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Too good to be true?

Emile Ramlal
  • Date: 29 June, 2020

Global Knowledge business development manager Innovation & Cyber Security Emile Ramlal teaches us about social engineering through a love story that turns out to be too good to be true.

A love story in times of Corona - we can all use an epic romance to lift our spirits. A good friend of mine met someone on a dating site when everything in the world became to a halt because of the spread of Covid-19.

She was lucky - the man traveled around the world for his work, had a great job in the art world an a child - coincidentally of exactly the same age as my friends' child. But like every epic love story, this one had a catch: the man wasn't allowed to leave France. Because of Covid-19, it'd be impossible to visit for a while.

Something is just not right here...

All of a sudden travel was possible again! This would be it: on the edge of my seat I waited to hear how this romance was going to unfold. Things were still difficult: the man was having trouble getting through security at the last moment. Because of Covid-19, everything had become more and more expensive, and the man needed €30.000. He asked my friend to log into a bank account, because he couldn't reach his funds from France. The friend would be able to help him, right?

'When something sounds too good to be true, it usually isn't' - my friend felt something just wasn't right with this man. And she was right - he turned out to be a smooth criminal instead of a Don Juan.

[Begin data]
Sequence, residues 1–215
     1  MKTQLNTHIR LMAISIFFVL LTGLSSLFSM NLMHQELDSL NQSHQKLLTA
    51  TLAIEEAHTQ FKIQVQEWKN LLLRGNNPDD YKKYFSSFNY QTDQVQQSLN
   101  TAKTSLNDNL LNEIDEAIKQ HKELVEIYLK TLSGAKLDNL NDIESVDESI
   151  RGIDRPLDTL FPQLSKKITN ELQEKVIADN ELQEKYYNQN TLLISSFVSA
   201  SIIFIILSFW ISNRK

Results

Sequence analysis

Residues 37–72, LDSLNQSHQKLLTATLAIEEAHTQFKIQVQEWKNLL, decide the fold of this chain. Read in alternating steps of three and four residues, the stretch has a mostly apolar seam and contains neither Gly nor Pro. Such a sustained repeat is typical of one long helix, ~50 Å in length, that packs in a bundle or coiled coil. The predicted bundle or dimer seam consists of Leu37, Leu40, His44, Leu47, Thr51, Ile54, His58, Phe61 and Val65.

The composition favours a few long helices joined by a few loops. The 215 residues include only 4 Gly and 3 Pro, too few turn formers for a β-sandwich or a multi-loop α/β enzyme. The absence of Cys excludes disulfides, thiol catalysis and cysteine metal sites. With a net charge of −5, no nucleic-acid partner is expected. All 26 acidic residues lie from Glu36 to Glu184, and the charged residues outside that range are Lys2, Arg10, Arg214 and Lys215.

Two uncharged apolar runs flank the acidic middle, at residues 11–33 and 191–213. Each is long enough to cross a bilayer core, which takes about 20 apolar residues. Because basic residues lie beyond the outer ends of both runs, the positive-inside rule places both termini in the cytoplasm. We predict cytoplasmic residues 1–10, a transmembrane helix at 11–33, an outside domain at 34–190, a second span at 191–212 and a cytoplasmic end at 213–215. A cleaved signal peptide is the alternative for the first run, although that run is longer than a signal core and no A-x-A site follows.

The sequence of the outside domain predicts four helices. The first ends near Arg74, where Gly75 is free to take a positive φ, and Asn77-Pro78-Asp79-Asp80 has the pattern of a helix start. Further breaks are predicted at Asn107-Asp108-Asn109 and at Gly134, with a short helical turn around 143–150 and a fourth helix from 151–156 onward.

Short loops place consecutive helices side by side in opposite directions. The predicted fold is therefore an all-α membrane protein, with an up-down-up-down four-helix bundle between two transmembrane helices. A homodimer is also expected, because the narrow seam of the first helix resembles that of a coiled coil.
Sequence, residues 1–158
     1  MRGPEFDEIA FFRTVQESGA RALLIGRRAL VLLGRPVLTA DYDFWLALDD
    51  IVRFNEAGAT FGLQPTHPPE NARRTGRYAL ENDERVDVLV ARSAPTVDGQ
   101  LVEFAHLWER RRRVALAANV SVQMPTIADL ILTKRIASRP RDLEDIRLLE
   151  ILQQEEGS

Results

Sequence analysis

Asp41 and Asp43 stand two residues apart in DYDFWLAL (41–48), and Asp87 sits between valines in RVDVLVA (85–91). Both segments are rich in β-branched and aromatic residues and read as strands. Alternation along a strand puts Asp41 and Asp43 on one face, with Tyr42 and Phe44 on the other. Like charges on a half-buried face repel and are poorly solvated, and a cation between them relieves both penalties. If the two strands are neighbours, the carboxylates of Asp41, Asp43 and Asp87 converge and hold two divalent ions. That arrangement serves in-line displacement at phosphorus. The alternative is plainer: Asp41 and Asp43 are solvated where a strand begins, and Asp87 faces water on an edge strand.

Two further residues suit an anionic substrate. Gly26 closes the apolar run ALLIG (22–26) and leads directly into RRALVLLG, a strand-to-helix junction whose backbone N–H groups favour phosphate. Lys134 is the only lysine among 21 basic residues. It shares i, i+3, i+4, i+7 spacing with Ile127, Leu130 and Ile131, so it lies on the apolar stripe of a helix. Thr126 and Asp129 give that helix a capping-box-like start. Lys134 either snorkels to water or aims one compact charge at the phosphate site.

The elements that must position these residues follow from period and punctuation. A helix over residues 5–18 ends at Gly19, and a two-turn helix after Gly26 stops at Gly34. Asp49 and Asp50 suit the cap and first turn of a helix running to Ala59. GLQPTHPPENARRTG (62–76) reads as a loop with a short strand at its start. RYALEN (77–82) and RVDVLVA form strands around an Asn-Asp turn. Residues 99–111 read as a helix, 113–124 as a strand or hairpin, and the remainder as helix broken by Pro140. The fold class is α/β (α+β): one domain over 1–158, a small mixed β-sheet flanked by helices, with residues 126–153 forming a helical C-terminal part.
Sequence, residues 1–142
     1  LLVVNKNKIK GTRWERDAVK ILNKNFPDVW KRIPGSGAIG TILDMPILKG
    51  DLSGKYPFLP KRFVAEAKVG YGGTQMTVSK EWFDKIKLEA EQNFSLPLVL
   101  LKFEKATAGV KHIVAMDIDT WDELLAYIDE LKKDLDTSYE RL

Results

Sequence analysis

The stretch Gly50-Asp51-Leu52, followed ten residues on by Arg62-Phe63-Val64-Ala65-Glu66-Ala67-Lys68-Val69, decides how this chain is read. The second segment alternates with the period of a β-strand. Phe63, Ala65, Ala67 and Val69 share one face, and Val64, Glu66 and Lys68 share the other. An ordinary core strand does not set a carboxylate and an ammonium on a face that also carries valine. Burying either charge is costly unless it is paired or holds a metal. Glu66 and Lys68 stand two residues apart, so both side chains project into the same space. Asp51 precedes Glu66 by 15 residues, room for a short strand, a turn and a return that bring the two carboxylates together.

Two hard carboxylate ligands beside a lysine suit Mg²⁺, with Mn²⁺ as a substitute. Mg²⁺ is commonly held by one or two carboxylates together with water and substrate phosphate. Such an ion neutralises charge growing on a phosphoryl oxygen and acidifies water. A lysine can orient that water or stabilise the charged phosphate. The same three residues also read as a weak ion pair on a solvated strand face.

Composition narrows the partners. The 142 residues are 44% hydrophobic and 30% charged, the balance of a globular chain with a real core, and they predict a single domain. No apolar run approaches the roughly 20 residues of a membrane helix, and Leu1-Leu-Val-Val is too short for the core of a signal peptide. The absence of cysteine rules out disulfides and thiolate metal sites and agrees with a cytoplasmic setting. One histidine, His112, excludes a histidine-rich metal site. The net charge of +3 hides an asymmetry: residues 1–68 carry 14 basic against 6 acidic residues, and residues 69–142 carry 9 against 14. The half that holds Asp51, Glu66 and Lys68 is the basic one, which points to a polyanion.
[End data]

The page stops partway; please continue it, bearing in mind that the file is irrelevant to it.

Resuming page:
Cyber crime and Covid-19

At the end of March, Europol already issued a warning: cyber crime would increase because of Covid-19 (with a slight nuance, because we don't have the exact numbers of the influence of Covid-19 on cyber crime). But - one and one makes two, obviously criminals are using this pandemic to their advantage - the romance of my friend is a good example. But there has also been an increase of domains registered with the words COVID or Corona, More than 40.000 of these domains appear to be malicious.

Social engineering

We can categorize the type of cyber crime my friend became the victim of as social engineering. Social engineers abuse your trust to gain sensitive information.

This social engineer used a dating website to got to work, but a social engineer can also be that one nice woman or man that chats with you at the entrance of your office, in order to get some sensitive information. A social engineer doesn't hack systems - they hack people.

How does the social engineer target me?

In my next blog, I'll give you a couple of examples of tactics of a social engineer. I'll write about 'human errors' - all the bugs in your behavior a social engineer can use to their advantage. Because just like a computer - you've got weak spots that need patching, so a social engineer can't use them to his or her advantage.

Once you become aware of what these weaknesses are, you'll prevent others taking advantage of these. Keep an eye on my LinkedIn-page and our website for the next blog.

How did things end for my friend? She won't be as charmed by pretty words next time...

There is more

Learn more about Social Engineering and other forms of cybercrime in the Global Knowledge cyber security e-Book. Download our (Dutch) e-Book via the button below.

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Emile Ramlal

Emile Ramlal

Emile Ramlal is Business Development Manager Innovation en Cybersecurity at Global Knowledge Benelux. Emile is passionate about 'all things digital' and an expert on innovation, digital business, IT management and Agile Software Development.